The CDC Position on Toxic Mold and Stachybotrys.  https://www.cdc.gov/mold/stachy.htm

The term “toxic mold” is not accurate. While certain molds are toxigenic, meaning they can produce toxins (specifically mycotoxins), the molds themselves are not toxic, or poisonous. Hazards presented by molds that may produce mycotoxins should be considered the same as other common molds which can grow in your house. There is always a little mold everywhere – in the air and on many surfaces. There are very few reports that toxigenic molds found inside homes can cause unique or rare health conditions such as pulmonary hemorrhage or memory loss. These case reports are rare, and a causal link between the presence of the toxigenic mold and these conditions has not been proven.

Stachybotrys chartarum (also known by its synonym Stachybotrys atra) is a greenish-black mold. It can grow on material with a high cellulose and low nitrogen content, such as fiberboard, gypsum board, paper, dust, and lint. Growth occurs when there is moisture from water damage, excessive humidity, water leaks, condensation, water infiltration, or flooding. Constant moisture is required for its growth. It is not necessary, however, to determine what type of mold you may have. All molds should be treated the same with respect to potential health risks and removal.

US National Library of Medicine National Institutes of Health https://www.ncbi.nlm.nih.gov/pmc/articles/PMC145304/

While many papers suggest a similar relationship between Stachybotrys and human disease, the studies nearly uniformly suffer from significant methodological flaws, making their findings inconclusive. As a result, we have not found well-substantiated supportive evidence of serious illness due to Stachybotrys exposure in the contemporary environment.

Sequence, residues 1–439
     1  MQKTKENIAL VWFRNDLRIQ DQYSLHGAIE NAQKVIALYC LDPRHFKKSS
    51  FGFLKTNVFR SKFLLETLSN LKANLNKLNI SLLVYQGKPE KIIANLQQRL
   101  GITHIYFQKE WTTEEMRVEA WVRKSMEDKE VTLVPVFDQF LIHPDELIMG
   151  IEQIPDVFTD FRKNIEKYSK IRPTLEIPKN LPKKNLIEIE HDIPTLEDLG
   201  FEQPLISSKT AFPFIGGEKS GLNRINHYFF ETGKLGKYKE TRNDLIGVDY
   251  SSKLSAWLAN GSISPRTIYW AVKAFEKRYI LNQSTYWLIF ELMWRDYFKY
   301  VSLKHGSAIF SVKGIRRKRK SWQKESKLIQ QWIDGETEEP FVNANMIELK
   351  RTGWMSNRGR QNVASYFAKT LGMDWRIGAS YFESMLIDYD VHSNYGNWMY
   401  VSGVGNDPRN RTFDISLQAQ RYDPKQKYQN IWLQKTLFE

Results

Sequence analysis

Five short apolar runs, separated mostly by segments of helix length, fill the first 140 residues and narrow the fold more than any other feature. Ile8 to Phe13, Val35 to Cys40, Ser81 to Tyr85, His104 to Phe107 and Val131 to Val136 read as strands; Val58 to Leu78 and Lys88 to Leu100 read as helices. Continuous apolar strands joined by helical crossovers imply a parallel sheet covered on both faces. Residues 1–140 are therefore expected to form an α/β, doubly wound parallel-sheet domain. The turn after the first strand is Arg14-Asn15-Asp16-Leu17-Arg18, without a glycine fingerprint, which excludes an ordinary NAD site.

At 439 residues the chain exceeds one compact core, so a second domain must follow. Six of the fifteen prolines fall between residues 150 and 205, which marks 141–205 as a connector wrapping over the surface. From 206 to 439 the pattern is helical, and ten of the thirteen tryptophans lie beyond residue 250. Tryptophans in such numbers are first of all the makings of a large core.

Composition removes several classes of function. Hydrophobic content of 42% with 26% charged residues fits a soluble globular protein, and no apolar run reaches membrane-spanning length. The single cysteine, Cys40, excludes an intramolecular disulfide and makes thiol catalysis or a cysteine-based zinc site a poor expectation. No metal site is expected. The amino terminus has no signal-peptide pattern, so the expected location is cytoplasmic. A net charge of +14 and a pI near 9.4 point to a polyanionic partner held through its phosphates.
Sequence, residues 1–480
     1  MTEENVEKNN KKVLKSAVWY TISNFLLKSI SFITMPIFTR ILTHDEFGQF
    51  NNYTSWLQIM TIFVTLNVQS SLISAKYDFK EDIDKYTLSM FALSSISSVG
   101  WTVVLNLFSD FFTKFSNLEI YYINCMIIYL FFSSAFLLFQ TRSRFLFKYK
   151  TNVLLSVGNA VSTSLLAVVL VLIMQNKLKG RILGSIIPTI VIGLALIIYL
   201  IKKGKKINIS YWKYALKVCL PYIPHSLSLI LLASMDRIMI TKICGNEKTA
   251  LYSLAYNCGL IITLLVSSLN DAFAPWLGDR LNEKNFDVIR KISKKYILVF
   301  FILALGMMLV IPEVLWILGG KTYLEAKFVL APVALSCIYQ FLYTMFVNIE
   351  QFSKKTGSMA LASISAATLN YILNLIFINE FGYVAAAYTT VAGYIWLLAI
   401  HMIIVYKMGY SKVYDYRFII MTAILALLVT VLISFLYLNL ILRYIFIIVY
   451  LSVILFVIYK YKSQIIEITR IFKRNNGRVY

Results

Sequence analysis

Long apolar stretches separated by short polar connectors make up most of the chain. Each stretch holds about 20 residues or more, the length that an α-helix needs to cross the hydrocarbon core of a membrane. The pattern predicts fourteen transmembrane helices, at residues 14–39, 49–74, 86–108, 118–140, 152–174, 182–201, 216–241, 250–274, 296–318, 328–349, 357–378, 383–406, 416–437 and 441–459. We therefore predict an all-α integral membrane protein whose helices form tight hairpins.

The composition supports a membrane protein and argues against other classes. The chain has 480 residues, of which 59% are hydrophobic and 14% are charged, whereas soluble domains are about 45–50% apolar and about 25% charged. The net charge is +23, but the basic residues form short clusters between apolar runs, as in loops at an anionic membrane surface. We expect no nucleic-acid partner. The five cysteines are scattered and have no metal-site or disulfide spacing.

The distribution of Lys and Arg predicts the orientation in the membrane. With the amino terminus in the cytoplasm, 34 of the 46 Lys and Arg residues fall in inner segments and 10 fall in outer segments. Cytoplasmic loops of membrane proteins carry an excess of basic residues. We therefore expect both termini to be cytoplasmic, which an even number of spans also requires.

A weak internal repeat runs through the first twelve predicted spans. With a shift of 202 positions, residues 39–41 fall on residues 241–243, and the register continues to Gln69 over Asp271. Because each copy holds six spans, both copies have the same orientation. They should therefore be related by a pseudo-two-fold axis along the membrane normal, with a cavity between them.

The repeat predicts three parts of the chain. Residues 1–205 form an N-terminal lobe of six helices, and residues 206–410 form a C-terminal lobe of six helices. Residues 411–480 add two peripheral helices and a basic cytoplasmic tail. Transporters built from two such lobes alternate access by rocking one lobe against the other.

Despite the well documented lack of connection between Stachybotrys and health effects, including the CDC, many in the mold and restoration industry continue to use these wild and scientifically unsupported scare tactics to charge for mold remediation services that are unnecessary.  I can assure you that Stachybotrys is in every home and building to some degree or another.  We have been cohabitating with mold since we lived in caves.

The value in a professional mold assessment is in the identification of the specific area of the mold contamination by a licensed professional that is not providing the mold remediation.  With the identification of the specific area of mold contamination in a written report from your assessor, licensed mold remediators can provide estimates for the mold remediation.

The specific area of mold contamination cannot and will never be revealed by sampling the air and scaring homeowners with specific molds.   The sample only approach to a mold assessment has no value to anyone but the sampler who collects a fee for the sample.  Remember the type of mold does not change the method of mold remediation, does not change the area impacted by mold, and will never elevate the concern for exposure to occupants.  All claims that the type of mold raises the severity are either by the ill-informed or those looking to prey on your fears for profit.

A professional mold assessment would include the area affected by the mold as required by the ASTM D-7338.  A professional assessment would report that the area impacted by mold.  For example, the area of mold growth is approximately 4 square feet of the exterior south facing bedroom wall as shown on the attached restoration floor plan and diagram.  Remove the base boards and the drywall from the floor to a height of 2 feet.  The diagram would show the area of affected building material that would require removal.  The type of mold would not matter and would not change the area impacted or the method of remediation.   Fact not Fear.

Those wanting to insight fear would report nothing more than the spore counts of samples collected as elevated or as having the presence of Stachybotrys “Black Toxic Mold”.  Fear not Fact.

The cost of restoring your home can be greatly increased if you’re not careful when hiring a mold professional.  Be aware of scare tactics, ask for references, never hire anyone that is recommending sampling, never ever hire anyone that uses the term “Black or Toxic Mold”.

I hope this helps at least one family through this time of recovery.